The Salmon Arm landfill is one of four landfill sites operated by the Columbia Shuswap Regional District. The regional district also operates eight transfer stations. (CSRD photo)

The Salmon Arm landfill is one of four landfill sites operated by the Columbia Shuswap Regional District. The regional district also operates eight transfer stations. (CSRD photo)

Regional district to dig into solid waste review for Columbia-Shuswap

Increasing population placing added pressure on CSRD transfer stations

  • Dec. 12, 2022 4:30 p.m.

By Barb Brouwer

Special to the Observer

Out of sight, out of mind is no longer possible when it comes to managing solid waste.

The Ministry of Environment introduced solid waste management planning in the early 1990s, making it a responsibility of regional districts.

As a result, the Columbia Shuswap Regional District prepared the first solid waste management plan in 1993. It was amended in 2009 to include concepts of “zero waste.” Another amendment was made in 2015 to incorporate the diversion of organic material.

In 2018, a minor amendment was made to incorporate a 20-acre parcel of land (Mounce property) into the footprint of the Salmon Arm landfill.

The 2018 amendment received Minister of Environment and Climate Change Strategy approval, on the condition the regional district submit the following: a five-year effectiveness review of the current plan and creation of a dispute resolution mechanism due March 2023, and a full review completed by Dec. 31, 2028.

Ben Van Nostrand, CSRD team leader Environment Health Services, said the review is a legislative requirement that the regional district is considering now in order to be on time and address some of the pressing solid waste management issues in the area.

“The biggest one is confirming that we want to be in the landfilling game and, if so, making sure we have the right budgets and reserves set up to meet changing provincial requirements,” he said. “And if we don’t, what are the alternatives? Is that moving it from a facility in Golden to Salmon Arm, or Golden to Cache Creek to a private facility?”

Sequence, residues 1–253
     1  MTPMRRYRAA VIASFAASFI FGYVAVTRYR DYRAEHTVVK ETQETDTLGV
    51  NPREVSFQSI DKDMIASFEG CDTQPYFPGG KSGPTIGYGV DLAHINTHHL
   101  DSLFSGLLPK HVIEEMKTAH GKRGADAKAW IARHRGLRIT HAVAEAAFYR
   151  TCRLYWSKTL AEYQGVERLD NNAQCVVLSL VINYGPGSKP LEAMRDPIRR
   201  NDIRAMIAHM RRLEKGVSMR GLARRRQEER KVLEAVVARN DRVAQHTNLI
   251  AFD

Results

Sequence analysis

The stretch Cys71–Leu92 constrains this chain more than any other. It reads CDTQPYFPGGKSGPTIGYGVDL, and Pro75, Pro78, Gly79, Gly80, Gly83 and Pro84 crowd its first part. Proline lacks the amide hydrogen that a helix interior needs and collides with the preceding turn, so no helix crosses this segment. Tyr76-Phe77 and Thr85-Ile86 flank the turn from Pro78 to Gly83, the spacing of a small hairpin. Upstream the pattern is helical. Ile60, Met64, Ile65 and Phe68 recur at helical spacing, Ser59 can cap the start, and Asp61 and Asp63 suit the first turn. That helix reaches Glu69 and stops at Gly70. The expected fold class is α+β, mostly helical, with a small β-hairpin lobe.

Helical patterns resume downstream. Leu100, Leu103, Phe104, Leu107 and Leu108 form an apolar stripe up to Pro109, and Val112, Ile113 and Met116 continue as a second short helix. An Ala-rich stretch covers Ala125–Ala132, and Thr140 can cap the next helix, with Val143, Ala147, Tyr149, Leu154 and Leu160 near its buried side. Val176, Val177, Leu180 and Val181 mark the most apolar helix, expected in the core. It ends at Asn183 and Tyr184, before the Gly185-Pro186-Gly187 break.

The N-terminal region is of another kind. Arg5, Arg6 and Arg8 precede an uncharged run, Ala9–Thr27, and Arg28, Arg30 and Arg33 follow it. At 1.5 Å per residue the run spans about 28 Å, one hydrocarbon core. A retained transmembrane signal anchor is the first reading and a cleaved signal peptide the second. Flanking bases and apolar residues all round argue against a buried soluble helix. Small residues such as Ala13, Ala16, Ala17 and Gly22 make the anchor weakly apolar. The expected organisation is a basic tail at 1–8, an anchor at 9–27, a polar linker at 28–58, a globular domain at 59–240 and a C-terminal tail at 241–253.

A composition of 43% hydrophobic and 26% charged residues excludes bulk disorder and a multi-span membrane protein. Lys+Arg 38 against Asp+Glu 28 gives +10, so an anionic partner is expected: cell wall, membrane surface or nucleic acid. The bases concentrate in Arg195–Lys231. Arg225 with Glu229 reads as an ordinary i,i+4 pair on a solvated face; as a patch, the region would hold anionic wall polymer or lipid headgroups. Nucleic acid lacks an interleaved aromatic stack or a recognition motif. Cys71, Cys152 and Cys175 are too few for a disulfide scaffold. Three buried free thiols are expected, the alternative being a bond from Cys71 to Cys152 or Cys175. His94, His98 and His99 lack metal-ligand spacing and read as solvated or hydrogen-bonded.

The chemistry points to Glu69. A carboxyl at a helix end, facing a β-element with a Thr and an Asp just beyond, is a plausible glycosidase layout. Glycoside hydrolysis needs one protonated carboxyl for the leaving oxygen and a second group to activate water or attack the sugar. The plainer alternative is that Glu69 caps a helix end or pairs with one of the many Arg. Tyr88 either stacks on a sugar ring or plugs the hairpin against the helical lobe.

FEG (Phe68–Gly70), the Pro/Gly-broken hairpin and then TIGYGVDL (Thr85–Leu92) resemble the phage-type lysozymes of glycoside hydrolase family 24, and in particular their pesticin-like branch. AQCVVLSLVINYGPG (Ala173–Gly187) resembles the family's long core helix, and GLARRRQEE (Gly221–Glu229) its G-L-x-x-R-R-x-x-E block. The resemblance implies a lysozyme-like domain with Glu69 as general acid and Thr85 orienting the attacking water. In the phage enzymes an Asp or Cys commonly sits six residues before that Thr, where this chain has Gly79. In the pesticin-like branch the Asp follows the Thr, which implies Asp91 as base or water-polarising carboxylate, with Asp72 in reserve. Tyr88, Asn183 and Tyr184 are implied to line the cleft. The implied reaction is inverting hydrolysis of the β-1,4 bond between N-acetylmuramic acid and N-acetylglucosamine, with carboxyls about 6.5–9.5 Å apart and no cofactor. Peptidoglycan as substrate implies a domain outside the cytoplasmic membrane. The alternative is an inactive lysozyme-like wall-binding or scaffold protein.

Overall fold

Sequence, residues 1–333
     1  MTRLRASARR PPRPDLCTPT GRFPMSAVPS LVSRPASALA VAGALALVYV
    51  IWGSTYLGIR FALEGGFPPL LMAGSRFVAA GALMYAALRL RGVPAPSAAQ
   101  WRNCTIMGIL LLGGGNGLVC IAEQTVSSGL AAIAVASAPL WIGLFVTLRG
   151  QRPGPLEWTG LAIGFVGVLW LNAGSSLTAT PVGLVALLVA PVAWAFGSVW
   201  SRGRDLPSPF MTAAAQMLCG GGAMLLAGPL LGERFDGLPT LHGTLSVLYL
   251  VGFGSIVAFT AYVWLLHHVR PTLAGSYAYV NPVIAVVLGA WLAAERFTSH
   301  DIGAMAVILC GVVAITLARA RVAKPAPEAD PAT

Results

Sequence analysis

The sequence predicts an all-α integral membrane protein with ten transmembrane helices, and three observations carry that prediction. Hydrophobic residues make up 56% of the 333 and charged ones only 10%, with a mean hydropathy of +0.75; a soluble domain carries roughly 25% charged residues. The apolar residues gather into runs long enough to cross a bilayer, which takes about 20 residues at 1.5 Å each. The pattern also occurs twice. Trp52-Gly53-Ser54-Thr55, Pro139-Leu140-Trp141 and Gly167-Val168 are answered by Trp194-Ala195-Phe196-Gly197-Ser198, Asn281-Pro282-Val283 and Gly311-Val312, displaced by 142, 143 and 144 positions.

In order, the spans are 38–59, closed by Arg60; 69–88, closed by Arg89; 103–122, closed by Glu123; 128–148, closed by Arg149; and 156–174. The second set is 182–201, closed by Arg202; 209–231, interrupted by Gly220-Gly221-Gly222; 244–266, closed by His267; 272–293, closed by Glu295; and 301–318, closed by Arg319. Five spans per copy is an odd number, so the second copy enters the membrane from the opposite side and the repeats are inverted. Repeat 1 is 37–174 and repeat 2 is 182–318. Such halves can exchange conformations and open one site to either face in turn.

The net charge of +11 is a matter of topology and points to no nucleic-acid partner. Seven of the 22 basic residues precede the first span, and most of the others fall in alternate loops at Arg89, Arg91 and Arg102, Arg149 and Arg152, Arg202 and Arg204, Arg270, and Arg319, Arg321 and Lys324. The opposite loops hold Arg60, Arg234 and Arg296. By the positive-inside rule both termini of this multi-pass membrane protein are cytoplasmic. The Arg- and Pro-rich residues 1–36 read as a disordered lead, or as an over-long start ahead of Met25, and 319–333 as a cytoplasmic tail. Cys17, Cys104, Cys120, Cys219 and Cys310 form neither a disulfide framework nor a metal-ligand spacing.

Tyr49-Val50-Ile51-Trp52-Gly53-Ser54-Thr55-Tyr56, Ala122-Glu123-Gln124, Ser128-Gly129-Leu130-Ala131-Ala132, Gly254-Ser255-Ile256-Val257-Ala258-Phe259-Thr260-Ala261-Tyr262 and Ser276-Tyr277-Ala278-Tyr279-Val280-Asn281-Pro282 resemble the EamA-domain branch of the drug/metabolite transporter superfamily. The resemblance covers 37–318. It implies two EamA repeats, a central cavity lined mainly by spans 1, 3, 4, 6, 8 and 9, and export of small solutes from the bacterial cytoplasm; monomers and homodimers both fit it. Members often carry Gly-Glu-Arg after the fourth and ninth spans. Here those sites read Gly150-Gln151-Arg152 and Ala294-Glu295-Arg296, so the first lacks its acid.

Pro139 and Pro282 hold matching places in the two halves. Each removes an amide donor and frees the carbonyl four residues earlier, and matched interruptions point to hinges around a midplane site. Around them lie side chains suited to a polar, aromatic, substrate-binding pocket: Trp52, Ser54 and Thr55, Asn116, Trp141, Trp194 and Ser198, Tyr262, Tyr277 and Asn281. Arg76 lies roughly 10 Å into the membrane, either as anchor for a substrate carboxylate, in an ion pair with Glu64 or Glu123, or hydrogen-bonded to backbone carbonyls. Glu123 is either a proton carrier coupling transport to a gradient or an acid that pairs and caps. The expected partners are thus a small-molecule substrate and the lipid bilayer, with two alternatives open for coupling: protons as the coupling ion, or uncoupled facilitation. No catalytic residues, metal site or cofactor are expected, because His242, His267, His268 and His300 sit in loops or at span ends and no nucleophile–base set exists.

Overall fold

Van Nostrand said the regional district’s transfer station network needs to be reworked as increased population and waste volume fill sites like Skimikin and Scotch Creek to overflowing during the summer, resulting in closures.

“It’s frustrating for me as manager of the department, but we can only move so many trucks at one time and they are keeping up with their contract,” he said. “Is it appropriate to continue to operate the sites, or should we have a super site in Area C or G?”

Van Nostrand said a larger site offering more services and better hours of operation while consolidating CSRD’s footprint would better serve people. The regional district has already closed the transfer station at Tappen Esso and would like to close Skimikin and Sorrento.

“These are just ideas; the public will have an opportunity to engage in discussion about this.”

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A five-year effectiveness review document by the consulting firm Morrison Hershfield (MH), was presented to the CSRD board on Nov. 24. As well, the company presented a “road map” for a full solid waste management plan renewal, including recommendations for the regional district to explore compliance with changing MoE landfill criteria, ministry diversion targets, funding models for future capital and operational requirements, access to curbside and transfer station services and increasing diversion efforts.

Van Nostrand said the CSRD will need to add to capital reserves to fund future improvements such as liner systems currently installed in the Salmon Arm landfill only.

“We have unfunded liabilities and I think there is no way we will reach further, new provincial requirements with our current funding model,” explained Van Nostrand.

Meanwhile, at the Dec. 9 board meeting, directors authorized the CSRD to begin the process of updating the solid waste management plan for the entire regional district, including the Town of Golden, the City of Revelstoke, the District of Sicamous, and the City of Salmon Arm.

Staff will notify the pubic of its intention to amend the plan and begin a process of consultation.

“A major element in the ministry’s Guide to Updating a SWMP requires public engagement and First Nations consultation, which will take time to do effectively,” said Van Nostrand.

The SWMP review and renewal process will be guided by a technical and public advisory committee and a standing committee of the board will be brought together throughout the review process to be updated and to provide input into the renewal process.

CSRD staff will work closely with MH to establish planning teams and committees and begin the work of following the Ministry of Environment’s A Guide to Solid Waste Management Planning to conduct a full review and update of the SWMP.


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